U.S. drugmaker AbbVie has boosted its offer for Shire by 11 percent to about $51.3 billion, hoping it will be enough to pique the interest of its British counterpart.
Shire, known for its rare-disease drugs, has rejected three AbbVie offers to date.
North Chicago, Illinois-based AbbVie is now making an unsolicited offer of 51.15 British pounds ($87.57) per Shire PLC share in cash and stock. Its prior bid was worth about 46.26 pounds ($79.20) per share for a total value of 27 billion pounds ($46.2 billion).
AbbVie said that its revised proposal also increases the ownership held by Shire shareholders to about 24 percent of the new holding company. It previously offered approximately 23 percent ownership.
Shire said in a statement that it did not get a look at AbbVie’s revised proposal prior to the company’s announcement. Shire said its board will meet to consider the bid and that it will make a further announcement “in due course.”
Last month AbbVie said that one of the reasons it was interested in Shire was that it saw a compelling tax break. AbbVie said at that time that it expected the combined company to pay a tax rate of about 13 percent by 2016 after AbbVie reincorporates on the British island of Jersey, where Shire is headquartered. That would be down from its current rate of roughly 22 percent.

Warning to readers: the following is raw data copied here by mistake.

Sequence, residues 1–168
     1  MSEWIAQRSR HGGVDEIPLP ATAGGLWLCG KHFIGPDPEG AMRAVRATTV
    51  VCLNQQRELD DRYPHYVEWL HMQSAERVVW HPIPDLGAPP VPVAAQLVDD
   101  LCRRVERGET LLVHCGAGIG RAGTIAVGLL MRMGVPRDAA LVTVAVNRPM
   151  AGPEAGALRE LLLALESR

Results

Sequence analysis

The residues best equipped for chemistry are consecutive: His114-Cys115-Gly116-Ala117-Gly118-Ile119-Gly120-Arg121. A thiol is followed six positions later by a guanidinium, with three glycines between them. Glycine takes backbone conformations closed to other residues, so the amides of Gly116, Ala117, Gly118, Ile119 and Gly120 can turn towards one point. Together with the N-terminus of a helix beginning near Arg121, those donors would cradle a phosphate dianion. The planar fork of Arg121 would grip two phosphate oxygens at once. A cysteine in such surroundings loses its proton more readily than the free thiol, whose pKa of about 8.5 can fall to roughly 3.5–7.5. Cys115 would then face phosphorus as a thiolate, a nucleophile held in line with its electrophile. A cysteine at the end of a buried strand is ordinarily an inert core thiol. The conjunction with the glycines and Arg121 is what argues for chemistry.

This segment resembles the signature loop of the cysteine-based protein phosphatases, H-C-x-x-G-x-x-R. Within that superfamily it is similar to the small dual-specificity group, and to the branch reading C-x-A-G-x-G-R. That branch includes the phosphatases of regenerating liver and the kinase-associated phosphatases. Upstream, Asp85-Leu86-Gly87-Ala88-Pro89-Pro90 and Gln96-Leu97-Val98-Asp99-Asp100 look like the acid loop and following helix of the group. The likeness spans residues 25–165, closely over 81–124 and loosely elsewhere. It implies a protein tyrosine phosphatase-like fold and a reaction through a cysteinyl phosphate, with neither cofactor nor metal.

Several other U.S. companies are using mergers to reincorporate in countries with lower tax rates. These moves are raising concerns among U.S. lawmakers since they can cost the federal government billions in tax revenue.
AbbVie executives have also said that the product portfolios of the two companies complement each other, and that the combination would immediately give Shire a broader geographic reach.
Shire has said that AbbVie’s overtures undervalue the company and its prospects. The drugmaker has also said that its board had concerns about AbbVie’s interest in making the move for tax purposes.
AbbVie, which was spun off from Abbott Laboratories last year, has until July 18 to either announce a firm offer or confirm that it won’t make one under United Kingdom takeover laws.
AbbVie’s stock fell 90 cents to $56.50 in Tuesday premarket trading.